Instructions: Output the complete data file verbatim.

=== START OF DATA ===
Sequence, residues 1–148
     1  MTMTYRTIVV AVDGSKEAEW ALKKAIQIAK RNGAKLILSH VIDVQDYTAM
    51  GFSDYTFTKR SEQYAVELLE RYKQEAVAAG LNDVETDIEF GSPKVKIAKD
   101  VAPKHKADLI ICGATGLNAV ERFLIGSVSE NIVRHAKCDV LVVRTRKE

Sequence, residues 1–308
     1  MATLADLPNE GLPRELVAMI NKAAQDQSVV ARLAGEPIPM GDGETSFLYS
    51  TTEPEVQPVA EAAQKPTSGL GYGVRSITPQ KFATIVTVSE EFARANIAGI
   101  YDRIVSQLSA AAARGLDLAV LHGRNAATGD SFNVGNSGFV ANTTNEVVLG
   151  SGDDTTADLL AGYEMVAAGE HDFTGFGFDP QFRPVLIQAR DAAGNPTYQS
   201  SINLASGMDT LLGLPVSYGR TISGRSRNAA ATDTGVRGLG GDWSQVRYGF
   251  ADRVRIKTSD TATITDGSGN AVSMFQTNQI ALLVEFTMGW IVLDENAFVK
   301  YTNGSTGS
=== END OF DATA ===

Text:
Sequence, residues 1–148
     1  MTMTYRTIVV AVDGSKEAEW ALKKAIQIAK RNGAKLILSH VIDVQDYTAM
    51  GFSDYTFTKR SEQYAVELLE RYKQEAVAAG LNDVETDIEF GSPKVKIAKD
   101  VAPKHKADLI ICGATGLNAV ERFLIGSVSE NIVRHAKCDV LVVRTRKE

Sequence, residues 1–308
     1  MATLADLPNE GLPRELVAMI NKAAQDQSVV ARLAGEPIPM GDGETSFLYS
    51  TTEPEVQPVA EAAQKPTSGL GYGVRSITPQ KFATIVTVSE EFARANIAGI
   101  YDRIVSQLSA AAARGLDLAV LHGRNAATGD SFNVGNSGFV ANTTNEVVLG
   151  SGDDTTADLL AGYEMVAAGE HDFTGFGFDP QFRPVLIQAR DAAGNPTYQS
   201  SINLASGMDT LLGLPVSYGR TISGRSRNAA ATDTGVRGLG GDWSQVRYGF
   251  ADRVRIKTSD TATITDGSGN AVSMFQTNQI ALLVEFTMGW IVLDENAFVK
   301  YTNGSTGS